Dating Games

So, I remember that time a guy brought a pack of cards on a date. It was from a board game, but the point was to ask people things you would never otherwise ask them. Like, personal questions. Sometimes nosy. The second one that came up for me was, “What’s the most embarrassing thing in your bathroom?”

“Uh…” I said. I could think of a lot of things in my bathroom that would be embarrassing to talk about on a first date.

Needless to say, that game didn’t do much for our date, which died in the water.

I’ve had a card game like that (The Ungame) be more successful later on in the dating, like, once you’ve actually got to a point where you feel comfortable discussing, at least, the contents of your kitchen, if not your bathroom.

Anyway, SYAS has entered the dating card game game.

Some of the essential questions it covers: “What do you think of a woman earning more than her partner?” & “What would you do if you had to entertain a 5-year-old for a day?”  & “Do you prefer meat, dairy, or pareve?” (What?) Well hey. If you don’t get any mileage out of the questions, you might get some out of making fun of the game.

Ungame - Jewish version

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What’s Your No-Beer Answer?

I have a career problem. Not with the career. It’s great so far. But it wreaks havoc on my dating. Heck, its even bad for not dating. I was at circus school the other night and a happily married classmate asked me what I do.

“Scientist,” I said vaguely.

“Oh wow,” he looked stunned.

“You?” I asked, keeping it friendly.

“Well, now I don’t want to say,” he hesitates. “I’m just an intake nurse at the hospital.”

“What’s wrong with that?”

“Well, it’s not a smart.”

“So what? It’s a good job and you’re still way better at lion-taming than I am. That’s not going to change how I see you.”

The thing that bugged me about this exchange was that I’d given him my “beer” answer. I was trying to be non-intimidating. What’s a girl to do when her “beer” answer is also a “no-beer” answer?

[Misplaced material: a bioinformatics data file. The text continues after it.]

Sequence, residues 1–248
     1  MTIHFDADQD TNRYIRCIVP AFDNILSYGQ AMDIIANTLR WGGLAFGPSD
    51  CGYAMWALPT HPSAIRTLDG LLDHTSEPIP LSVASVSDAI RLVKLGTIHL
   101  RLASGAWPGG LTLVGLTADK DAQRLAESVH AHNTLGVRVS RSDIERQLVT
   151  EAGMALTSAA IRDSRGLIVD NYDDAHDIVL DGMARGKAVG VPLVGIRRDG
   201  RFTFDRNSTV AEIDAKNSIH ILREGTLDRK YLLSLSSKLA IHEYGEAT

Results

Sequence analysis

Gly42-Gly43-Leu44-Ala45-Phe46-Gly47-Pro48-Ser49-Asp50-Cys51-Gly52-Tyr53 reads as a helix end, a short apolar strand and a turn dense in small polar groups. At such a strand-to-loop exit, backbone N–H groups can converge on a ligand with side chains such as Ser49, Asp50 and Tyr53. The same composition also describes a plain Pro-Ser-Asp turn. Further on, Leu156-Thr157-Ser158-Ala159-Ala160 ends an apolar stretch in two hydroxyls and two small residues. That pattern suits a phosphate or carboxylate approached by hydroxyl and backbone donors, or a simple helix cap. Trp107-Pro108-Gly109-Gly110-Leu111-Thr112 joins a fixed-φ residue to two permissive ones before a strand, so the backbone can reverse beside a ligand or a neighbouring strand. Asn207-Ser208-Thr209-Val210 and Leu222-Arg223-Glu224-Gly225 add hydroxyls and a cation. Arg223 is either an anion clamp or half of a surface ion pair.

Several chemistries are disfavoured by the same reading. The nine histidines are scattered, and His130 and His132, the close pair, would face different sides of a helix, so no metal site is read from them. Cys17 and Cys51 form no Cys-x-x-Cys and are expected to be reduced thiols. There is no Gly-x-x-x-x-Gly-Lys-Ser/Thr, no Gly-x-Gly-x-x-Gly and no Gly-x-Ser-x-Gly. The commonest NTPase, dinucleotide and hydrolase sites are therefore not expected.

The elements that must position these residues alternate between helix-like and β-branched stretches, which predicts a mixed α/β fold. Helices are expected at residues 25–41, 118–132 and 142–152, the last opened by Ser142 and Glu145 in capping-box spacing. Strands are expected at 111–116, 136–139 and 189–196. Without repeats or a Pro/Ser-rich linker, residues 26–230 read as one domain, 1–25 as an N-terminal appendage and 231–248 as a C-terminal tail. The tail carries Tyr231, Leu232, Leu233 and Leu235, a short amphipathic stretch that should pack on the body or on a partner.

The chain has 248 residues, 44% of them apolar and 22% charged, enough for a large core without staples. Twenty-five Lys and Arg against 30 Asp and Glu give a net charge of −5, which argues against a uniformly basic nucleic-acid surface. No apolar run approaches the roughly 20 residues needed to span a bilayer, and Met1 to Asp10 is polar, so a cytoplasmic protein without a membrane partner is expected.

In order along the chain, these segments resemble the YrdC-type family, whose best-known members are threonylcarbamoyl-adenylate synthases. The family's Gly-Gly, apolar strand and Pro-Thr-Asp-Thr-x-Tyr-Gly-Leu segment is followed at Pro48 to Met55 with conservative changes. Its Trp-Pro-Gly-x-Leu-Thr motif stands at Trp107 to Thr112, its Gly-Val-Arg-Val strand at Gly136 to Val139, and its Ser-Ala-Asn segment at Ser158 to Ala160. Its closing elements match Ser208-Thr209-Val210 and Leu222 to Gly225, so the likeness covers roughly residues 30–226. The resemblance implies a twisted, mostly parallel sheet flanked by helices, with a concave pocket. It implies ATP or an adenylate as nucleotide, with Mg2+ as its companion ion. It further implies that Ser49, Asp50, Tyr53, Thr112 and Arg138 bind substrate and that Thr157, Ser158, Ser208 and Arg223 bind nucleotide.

Here’s how it goes. If a girl is in a bar and a guy comes over and asks what she does, she can give one of two answers: the “beer” answer, which will hopefully lead to further conversation and him offering to buy her a beer; or the “no beer” answer, which will make him suddenly recall urgent business elsewhere. This is purely theoretical for me, as I never get approached in bars, since I’m not generally in them. But the idea still holds: the turn-off answer, and the not-so-turnoff answer.

When I came across this idea, I asked my companions, a preschool teacher and a librarian, what their “no beer” answers would be. After some deep mulling, the preschool teacher answered “Early childhood development specialist.” The librarian didn’t miss a beat. “Librarian,” she said promptly.

Like the librarian, my beer and no-beer answers are essentially the same. Which I find troubling.  What on earth is a girl to answer if people back away slowly from the lite version? A lie?

…then again, it sure is fun to whip out the no-beer answer. “I’m a microneurobiologist specializing in intracellular organelle funambulism. But that’s boring. What do you do? Hey, is something wrong?”

Just Because, Okay?

bad shoes

“I don’t want to go out with him again.”